Ofcom has taken a look at the future of communications, and believes RFID tags that help people with allergies, intelligent collision detection in cars and wireless health care will soon be commonplace.
Ofcom looks ahead as well as monitoring the present and its 2008 technology report - subtitled Tomorrow’s Wireless World – contains some sensible yet enticing visions of the connected UK of the future.
"Tomorrow's Wireless World scans the horizon ten to 20 years in the future to discover potentially significant advances and new, innovative technologies being developed that could improve healthcare and transport provision," reads the report.
"Ofcom's role is to ensure the most efficient use of the UK's radio frequencies - or spectrum - these services use. Spectrum is a finite resource; Ofcom's technology research helps it to better understand how this precious resource might be used in the future and allows it to plan how we manage the spectrum to meet these demands."
- Healthcare First up is its view of a healthcare system that monitors vital signs and sends them via a wireless hub direct to hospitals and doctors, an automatic alert system if someone with medical problems becomes unconscious and a wireless bracelet that can give reminders of when pills should be taken.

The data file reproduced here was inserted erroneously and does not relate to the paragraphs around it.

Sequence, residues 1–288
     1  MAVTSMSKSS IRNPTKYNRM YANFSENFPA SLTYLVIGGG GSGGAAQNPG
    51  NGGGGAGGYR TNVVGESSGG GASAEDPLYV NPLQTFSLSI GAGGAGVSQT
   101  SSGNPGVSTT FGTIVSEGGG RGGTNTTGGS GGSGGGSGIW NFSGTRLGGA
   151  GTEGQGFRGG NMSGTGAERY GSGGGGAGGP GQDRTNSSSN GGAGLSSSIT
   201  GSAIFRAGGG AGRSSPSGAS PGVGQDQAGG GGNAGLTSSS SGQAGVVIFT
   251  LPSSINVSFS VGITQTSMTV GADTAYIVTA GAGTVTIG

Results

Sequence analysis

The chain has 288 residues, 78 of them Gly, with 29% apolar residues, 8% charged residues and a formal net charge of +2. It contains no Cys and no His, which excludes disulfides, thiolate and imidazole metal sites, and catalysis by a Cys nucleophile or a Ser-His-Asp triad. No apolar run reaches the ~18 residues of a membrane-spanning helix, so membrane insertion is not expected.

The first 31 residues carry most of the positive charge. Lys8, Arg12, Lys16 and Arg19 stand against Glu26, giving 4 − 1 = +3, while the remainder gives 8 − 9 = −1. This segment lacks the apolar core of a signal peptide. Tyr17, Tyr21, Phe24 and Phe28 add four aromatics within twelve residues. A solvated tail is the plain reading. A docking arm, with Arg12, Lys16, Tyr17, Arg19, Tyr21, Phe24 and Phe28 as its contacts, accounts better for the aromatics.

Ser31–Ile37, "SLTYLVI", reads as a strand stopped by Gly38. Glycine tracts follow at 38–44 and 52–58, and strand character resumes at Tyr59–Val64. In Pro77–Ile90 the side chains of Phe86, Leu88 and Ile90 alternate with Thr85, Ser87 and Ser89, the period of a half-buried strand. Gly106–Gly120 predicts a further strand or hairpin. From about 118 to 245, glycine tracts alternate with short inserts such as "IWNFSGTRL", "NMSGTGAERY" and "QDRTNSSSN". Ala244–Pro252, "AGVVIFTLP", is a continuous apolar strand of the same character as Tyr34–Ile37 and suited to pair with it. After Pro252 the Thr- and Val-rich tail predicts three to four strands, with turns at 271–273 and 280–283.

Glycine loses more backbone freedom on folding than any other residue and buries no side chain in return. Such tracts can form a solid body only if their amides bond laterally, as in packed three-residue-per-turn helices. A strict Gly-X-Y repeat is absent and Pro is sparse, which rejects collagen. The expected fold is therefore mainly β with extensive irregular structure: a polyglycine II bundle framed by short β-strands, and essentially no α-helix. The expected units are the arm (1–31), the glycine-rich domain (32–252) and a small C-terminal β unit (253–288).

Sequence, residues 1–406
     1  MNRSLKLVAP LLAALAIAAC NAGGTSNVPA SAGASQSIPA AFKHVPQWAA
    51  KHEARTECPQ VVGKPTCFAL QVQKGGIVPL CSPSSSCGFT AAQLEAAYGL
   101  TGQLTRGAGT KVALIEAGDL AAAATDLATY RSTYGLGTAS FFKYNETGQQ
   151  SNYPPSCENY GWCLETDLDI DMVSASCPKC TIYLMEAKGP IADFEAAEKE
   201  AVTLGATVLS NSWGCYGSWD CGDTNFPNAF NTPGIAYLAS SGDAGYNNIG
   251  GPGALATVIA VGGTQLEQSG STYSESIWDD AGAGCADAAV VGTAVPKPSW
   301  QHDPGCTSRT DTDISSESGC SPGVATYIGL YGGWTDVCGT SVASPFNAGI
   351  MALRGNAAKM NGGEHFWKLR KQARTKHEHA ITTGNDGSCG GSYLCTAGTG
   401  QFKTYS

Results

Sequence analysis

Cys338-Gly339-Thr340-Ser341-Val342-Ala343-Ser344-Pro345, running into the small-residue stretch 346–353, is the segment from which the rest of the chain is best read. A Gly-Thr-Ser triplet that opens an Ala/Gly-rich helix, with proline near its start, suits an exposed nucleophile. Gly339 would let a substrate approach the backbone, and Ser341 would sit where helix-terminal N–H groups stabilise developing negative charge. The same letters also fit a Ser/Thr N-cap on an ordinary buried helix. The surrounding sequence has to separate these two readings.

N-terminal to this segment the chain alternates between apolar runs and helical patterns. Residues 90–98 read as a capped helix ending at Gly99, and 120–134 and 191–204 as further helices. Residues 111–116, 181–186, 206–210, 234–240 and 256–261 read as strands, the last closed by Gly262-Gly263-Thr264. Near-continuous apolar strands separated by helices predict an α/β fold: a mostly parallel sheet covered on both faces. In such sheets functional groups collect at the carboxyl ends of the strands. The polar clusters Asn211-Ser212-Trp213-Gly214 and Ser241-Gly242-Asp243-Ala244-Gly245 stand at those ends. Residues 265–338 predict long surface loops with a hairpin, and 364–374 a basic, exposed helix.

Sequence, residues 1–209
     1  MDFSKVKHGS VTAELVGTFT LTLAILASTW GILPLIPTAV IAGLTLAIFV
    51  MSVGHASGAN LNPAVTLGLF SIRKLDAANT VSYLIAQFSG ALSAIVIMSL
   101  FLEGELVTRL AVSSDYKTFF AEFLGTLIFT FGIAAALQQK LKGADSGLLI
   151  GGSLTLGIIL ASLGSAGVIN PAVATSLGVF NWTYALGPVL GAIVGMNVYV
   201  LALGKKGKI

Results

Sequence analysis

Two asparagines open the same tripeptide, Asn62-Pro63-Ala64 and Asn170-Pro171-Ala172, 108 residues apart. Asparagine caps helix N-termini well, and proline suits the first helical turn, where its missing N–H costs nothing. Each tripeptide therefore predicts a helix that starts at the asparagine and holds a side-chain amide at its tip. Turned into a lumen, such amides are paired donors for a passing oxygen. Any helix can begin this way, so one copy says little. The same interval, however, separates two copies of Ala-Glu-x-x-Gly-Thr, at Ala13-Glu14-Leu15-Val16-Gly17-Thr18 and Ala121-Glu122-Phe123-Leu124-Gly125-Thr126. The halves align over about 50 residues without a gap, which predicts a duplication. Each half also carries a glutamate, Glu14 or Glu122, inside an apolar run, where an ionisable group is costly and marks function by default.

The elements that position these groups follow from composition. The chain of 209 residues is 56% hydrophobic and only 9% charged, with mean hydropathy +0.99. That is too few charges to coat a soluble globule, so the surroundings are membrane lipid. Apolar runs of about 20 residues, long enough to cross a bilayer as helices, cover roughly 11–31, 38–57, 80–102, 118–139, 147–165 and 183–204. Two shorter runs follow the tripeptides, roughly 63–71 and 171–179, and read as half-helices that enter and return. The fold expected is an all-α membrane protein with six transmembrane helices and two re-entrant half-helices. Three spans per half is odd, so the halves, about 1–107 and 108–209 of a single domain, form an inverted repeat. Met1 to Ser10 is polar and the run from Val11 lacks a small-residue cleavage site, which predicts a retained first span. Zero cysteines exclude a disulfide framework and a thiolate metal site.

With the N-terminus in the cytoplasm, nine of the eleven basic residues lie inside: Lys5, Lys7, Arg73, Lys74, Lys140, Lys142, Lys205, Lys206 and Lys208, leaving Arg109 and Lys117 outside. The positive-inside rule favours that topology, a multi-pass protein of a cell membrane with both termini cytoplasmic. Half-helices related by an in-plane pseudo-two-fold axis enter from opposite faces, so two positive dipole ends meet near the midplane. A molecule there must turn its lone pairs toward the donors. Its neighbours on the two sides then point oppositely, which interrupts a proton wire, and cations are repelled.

- Automotive Cars could communicate wirelessly with each other to automatically alert a vehicle of sudden braking to help avoid collisions – some could even include automatic braking systems in the future. There could also be e-Alerts that automatically call police or emergency services in the event of a crash and more intelligent congestions alerts.
- Food RFID tags could identify products with nuts or other allergens, people could use a mobile phone or device to ensure that their shopping isn’t a danger to them.
Ofcom’s wireless role.
"Wireless devices are now an essential part of our everyday lives. As well as transport and healthcare, wireless communications are essential to defence, education, entertainment, culture and commerce. Wireless communications are so integral to our lives that today there are more mobile subscriptions, at 70 million, than the 60 million UK population," says Ofcom.